Holding My First Shed Antler
Nearly two months ago, my father and I went searching for Deer antlers in the hills near our home. Although I’ve spent a considerable amount of time in the outdoors–hunting, fishing, and camping–I had never had the inclination to search for shed antlers. This year, I began thinking about them very early. Several projects that I want to do will require pieces of an antler (more on those projects when they’re complete). Thus, my father and I planned a trip to find a branch-shaped bone in a forest of sticks.
Early each year, male Deer begin growing a new set of antlers which develop while covered with a velvet lining that covers them until they have fully formed. In late summer, the velvet lining falls off, leaving a dead bone material that forms the antler. The antlers last through the winter and into the early months of the new year, at which time the base of the antler begins to deteriorate and the antler falls off. These dropped antlers are commonly referred to as “sheds.”
The trip wasn’t easy. We hiked several miles over hilly country and through thick trees. Nearly every moment was spent with our eyes on the ground, trying desperately to distinguish between the abundant supply of fallen branches and the set of antlers we sought. Unfortunately, although I’m sure there were antlers in the area, they eluded our searching completely.
Although we didn’t find any antlers that day, the experience with my father was a very positive one, and it left me wanting to return to the hills for another search. That same day I shot a video about my experience hunting for antlers. In that video I promised to return to the mountains sometime in May to once again search for shed antlers. But this time I’d be searching for Elk antlers. That trip was yesterday.
Early in the morning I picked my father up at his home and we drove up the canyon to a spot in the hills where the Elk are known to congregate in the winter. We hoped to have a good hike, enjoy the scenery and the company, and especially find some antlers. By 9:15 am we had arrived at our destination and we were getting our packs on to begin our hike. The weather was great, the country beautiful, and we were all alone in the mountains. Things couldn’t have been going more perfectly.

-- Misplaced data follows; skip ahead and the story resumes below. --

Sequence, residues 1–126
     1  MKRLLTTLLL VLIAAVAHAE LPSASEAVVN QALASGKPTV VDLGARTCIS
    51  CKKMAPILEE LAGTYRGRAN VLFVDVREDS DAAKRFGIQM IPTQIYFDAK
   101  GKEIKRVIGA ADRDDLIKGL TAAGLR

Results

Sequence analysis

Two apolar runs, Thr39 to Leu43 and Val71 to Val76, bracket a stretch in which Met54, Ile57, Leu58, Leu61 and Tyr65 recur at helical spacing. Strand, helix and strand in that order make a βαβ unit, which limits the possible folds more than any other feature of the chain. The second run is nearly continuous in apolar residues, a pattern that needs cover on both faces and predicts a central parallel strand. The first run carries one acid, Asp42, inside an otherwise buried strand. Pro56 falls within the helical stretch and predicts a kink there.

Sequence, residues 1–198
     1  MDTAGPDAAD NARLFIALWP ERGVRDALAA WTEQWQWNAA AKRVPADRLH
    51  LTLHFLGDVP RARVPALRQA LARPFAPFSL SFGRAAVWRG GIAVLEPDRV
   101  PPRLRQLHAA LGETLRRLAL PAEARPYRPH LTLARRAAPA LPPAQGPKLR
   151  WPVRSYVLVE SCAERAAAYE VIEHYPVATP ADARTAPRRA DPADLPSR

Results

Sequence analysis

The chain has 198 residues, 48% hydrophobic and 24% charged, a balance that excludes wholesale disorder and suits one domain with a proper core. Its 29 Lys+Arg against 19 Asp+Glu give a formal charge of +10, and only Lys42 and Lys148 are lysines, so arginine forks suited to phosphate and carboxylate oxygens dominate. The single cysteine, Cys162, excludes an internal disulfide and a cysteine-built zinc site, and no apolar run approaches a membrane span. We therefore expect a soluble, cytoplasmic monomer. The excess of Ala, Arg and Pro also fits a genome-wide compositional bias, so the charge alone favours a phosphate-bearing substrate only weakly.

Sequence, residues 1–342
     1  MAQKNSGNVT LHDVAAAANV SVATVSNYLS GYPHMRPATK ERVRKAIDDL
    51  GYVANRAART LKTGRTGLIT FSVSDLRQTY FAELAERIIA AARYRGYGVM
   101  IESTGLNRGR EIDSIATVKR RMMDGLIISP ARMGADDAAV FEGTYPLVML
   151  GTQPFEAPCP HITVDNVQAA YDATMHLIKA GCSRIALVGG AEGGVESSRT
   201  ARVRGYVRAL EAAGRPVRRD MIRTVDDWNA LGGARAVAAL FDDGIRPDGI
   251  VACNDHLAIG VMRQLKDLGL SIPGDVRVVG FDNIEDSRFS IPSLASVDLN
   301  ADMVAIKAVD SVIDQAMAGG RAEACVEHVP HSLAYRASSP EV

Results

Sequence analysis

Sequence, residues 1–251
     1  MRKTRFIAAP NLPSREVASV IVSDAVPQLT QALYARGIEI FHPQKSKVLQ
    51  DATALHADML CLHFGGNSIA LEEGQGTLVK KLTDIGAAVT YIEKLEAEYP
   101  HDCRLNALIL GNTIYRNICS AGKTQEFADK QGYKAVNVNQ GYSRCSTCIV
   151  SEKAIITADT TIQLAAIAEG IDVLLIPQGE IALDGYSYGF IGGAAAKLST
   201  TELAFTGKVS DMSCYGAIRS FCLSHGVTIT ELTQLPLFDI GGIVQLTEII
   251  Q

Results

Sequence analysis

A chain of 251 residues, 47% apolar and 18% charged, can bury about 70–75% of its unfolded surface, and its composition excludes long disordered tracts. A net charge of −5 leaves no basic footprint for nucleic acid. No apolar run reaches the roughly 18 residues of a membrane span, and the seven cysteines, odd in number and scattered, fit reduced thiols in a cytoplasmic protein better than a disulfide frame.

It took us a little more than an hour to hike up the mountain (as far as we were going anyway). At that point we hadn’t seen much more than the ground we walked on and the occasional lizard in the bushes. Still, I was enjoying myself (besides the trip earlier this year, I haven’t been in the mountains for years). We sat for a while and ate a snack, just enjoying the view.
On the way back we cut over to the next ridge over from where we hiked up so we could see over into the next large valley. The view was incredible, but we didn’t stay for long because there was a herd of sheep nearby and several ranchers on horseback pushing it up the mountain to summer pasture. We didn’t want to disturb them so we moved on.
As we made our way down the mountain, I was surprised by how far we’d come. It’s no secret that I’m not in the best shape of my life, and so hiking a little more than 2 miles into the mountains without staring death in the face was just one more reason why I was thrilled with the trip. Returning to the subject of finding shed antlers… we kept heading down the mountain.
By the end I was getting pretty tired and I could feel how my legs, and especially my ankles, were weakening and becoming a little shaky. In short, I was ready to be done and I was mostly focused on putting one foot in front of the other (don’t judge my fitness too harshly, I’m working on it). When we were within about 200 yards of my car, I saw it. Two steps in front of me, right where my feet were going to land, was an antler. I couldn’t believe it, after miles of active searching, the first antler I ever found was directly in front of me. I couldn’t help consider how remote the odds of finding it like that.
This particular antler wasn’t in perfect condition. It had laid in the open, in perfect view of the sun for months. Still, I was incredibly happy about the find.
Over the next couple months I’ll be working on at least two projects that will involve this antler: 1) making whistles, and 2) making a handle for a knife I’m making. As I’ve considered these and all the other possible ways I could use this antler, I can’t help but want to go right back out into the wilderness and look for more. What can I say? I’m hooked!